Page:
And then this morning, everything changed.

This morning ,as I lay luxuriating in not having to get up yet and with no radio spouting its despairing news, my hand by accident pulled down a bedside book. I spent an hour reading Letters of a Modern Mystic by Frank C. Laubach (don’t you love the formality of the middle initial?)  Laubach (1884-1970) was a Christian missionary in the Philippines who developed a system to teach adult Moro tribe illiterates to read in only a few hours and then teach others. But it is in his efforts to hold God fast that affected me. We’re all familiar with Brother Lawrence’s 17th century tract, “Practicing the Presence of God.” I used to do all that, meditate an hour every day, pray. But I have become lazy. Now here came God’s reminder of what I need to do if I want unfathomable happiness –even in the face of suffering. Say what you will, I felt the book came as God’s answer to my prayer of the day before.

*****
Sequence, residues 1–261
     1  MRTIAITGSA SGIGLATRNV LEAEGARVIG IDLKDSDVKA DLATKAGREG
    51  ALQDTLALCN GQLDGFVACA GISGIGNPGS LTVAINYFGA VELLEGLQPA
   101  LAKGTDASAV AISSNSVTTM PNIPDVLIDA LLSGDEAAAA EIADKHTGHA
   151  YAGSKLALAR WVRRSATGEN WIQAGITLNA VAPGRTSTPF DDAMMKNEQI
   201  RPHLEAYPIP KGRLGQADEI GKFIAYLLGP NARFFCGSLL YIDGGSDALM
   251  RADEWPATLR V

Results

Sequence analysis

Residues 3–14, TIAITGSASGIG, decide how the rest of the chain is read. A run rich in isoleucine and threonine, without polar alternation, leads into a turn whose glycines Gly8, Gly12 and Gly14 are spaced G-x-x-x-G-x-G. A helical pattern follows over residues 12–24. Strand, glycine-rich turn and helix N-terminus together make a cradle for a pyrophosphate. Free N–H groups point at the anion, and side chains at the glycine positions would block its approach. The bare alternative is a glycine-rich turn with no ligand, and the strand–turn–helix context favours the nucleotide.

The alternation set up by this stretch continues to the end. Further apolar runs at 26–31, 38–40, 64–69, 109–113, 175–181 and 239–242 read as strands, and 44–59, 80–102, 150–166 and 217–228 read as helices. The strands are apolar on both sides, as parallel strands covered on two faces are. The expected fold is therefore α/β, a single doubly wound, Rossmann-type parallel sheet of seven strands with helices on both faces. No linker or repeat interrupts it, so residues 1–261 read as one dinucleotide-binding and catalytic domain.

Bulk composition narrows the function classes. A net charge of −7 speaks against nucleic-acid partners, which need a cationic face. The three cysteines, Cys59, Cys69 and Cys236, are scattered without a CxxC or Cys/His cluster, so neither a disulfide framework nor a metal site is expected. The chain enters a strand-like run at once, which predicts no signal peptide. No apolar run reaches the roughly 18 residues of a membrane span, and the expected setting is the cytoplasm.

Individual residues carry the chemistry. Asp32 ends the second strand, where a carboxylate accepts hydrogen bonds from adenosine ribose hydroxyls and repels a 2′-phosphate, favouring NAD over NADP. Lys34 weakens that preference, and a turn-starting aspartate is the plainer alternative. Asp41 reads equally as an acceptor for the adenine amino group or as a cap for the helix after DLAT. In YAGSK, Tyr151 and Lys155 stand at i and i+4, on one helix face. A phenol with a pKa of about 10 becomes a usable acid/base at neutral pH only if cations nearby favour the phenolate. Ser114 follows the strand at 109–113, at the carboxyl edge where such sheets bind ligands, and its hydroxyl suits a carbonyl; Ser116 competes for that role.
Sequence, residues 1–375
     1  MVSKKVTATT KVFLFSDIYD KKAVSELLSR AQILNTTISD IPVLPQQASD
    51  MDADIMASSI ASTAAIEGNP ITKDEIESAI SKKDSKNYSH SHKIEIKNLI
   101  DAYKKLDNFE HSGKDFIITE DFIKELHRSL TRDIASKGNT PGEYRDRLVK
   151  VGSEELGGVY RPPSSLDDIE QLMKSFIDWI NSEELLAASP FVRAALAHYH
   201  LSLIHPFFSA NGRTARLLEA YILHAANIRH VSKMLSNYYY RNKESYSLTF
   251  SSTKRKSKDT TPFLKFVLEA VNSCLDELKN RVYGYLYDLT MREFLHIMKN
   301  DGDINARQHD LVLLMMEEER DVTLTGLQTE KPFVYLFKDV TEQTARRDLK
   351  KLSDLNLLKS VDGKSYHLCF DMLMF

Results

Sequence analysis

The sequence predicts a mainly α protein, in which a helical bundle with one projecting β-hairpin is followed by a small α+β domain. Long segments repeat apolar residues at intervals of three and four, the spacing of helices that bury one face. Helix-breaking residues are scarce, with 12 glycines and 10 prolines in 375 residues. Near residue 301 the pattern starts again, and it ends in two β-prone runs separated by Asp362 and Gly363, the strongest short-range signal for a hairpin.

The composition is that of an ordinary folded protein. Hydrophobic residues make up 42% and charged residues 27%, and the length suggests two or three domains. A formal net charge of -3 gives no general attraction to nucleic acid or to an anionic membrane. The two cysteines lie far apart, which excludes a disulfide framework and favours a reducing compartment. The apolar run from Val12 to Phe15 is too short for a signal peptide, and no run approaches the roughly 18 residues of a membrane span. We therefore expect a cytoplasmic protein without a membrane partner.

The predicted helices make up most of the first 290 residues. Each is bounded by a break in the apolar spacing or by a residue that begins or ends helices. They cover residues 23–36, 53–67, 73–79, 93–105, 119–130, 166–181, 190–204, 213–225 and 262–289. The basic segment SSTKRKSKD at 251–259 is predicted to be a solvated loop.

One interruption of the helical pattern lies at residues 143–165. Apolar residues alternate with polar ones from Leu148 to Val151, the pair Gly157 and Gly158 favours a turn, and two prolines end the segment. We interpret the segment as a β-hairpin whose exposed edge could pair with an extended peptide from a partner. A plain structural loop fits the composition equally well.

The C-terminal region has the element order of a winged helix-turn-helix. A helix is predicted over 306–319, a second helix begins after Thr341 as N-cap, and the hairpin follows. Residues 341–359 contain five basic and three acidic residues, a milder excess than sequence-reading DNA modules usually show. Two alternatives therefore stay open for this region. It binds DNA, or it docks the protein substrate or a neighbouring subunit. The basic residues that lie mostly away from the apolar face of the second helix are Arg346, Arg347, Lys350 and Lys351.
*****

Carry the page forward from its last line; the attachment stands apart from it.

When I pull out a sentence from this luminous book, the words dissolve, the sparkle dissipates. It all goes flat.  So, think I with some amusement– here’s God answering my prayer of yesterday by bringing alive this story of one man’s struggle to push down doubt and fear — to be, that is to say, true to the pursuit of the love that abides beneath the surface.

“All I have said is mere words,” writes Frank Laubach, “until one sets out helping God right wrongs, helping God help the helpless, loving and talking it over with God. Then there comes a great sense of the close-up, warm, intimate heart of reality. God simply creeps in and you know He is here in your heart. He has become your friend by working along with you.”